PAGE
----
Trade unions have reacted angrily to a plan by French Foreign Minister Laurent Fabius to open more stores in Paris on Sundays in busy tourist areas.
Fabius, who is also in charge of promoting tourism, wants the famous department stores like Galeries Lafayette and Printemps, which rake in millions of euros from foreign visitors, notably Chinese tourists, to be allowed to open on Sundays.
Unions however insist the move would have“no economic benefit”, and argue that Sunday is "still a day of rest”.
"Laurent Fabius doesn't know what he's talking about. All the studies show that opening on Sundays has no economic benefit and does not create jobs," Eric Scherrer from the union umbrella group CLIC-P, told The Local on Friday.
In fact Scherrer said it would make things worse.
"Opening the department stores on Sunday would harm the small independent stores in Paris. If you look at London there's no independent stores left. There's just chain stores now, " he said.
Scherrer added that tourists should simply find something else to do on Sundays in Paris. "There's plenty of other attractions for them to visit," he said.
"France is already the most visited country in the world. Tourists come here for the culture not just for the commerce," he said.
Céline Carlen, from CLIC-P warned the government would face a fight if it tried to push through sunday openings.
“All unions for Galleries Lafayette are opposed, and they will have a lot of difficulty discussing it with us,” she told AFP.
Philippe Bellanger, a member of the CGT union, which represents Printemps, told AFP the plans were wrong because foreigners “don’t visit the store at night or on Sundays” and most residents are “absolutely against it”.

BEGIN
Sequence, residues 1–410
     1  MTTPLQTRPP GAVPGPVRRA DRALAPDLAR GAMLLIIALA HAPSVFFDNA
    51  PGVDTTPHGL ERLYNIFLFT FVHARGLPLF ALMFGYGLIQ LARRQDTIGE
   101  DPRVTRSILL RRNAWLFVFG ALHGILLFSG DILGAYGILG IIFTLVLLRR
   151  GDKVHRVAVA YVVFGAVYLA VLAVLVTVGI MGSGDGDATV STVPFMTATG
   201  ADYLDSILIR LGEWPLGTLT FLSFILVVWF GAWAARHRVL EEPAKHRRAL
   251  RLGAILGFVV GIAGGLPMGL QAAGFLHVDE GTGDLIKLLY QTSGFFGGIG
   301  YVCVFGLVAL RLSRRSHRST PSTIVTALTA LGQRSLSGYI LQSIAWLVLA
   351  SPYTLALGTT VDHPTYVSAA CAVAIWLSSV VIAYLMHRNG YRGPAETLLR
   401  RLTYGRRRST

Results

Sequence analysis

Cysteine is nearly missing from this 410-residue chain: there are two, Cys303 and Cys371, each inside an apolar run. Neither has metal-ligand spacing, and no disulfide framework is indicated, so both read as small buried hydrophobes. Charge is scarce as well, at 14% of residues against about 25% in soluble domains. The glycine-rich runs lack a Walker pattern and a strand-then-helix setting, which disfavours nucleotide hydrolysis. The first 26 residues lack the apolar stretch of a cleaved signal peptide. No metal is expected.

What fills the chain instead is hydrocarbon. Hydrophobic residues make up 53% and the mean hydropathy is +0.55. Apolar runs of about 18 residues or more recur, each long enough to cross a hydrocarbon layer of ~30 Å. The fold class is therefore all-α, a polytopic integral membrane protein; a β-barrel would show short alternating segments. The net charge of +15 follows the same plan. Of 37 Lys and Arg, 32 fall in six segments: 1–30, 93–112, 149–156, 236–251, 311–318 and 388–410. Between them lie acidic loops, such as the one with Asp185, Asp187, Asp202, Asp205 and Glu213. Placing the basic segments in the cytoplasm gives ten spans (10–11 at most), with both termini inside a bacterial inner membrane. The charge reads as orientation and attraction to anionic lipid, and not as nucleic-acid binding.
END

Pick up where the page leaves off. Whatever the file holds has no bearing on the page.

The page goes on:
Various unions including the CGT are now calling on shop staff at Boulevard Haussman to strike on June 24th against a plan they say will “destroy their right to a life outside work”.
The anger was sparked after Fabius announced during a tourism conference in Paris this week the government's aim for more openings.
"A tourist who finds the shop closed on Sundays will not wait until Thursday," said Fabius, lining up for a war with France's trade unions.
"In consultation with relevant partners, stores in certain areas, which are classified as exceptionally affluent tourist areas, such as Boulevard Haussmann, should be allowed to open on Sundays,” he said.
Speaking at the close of the conference Fabius said the government had fixed a target of attracting 100 million foreign tourists annually compared to 83 million in 2012.
"The logic is simple," said Fabius: "An unhappy tourist is a tourist that never comes back."
Commerce minister Fleur Pellerin stressedthe economic importance of tourism in France.
"is not an amusing or secondary matter… the stakes are the same as exports," she said.
Unions for the retail sector have long battled against extending opening hours late at night or on Sundays, which would bring France more into line with shopping culture in the US or the UK.
Last year they successfully forced cosmetics giant Sephora to close their Champs-Elysee store at 9pm.
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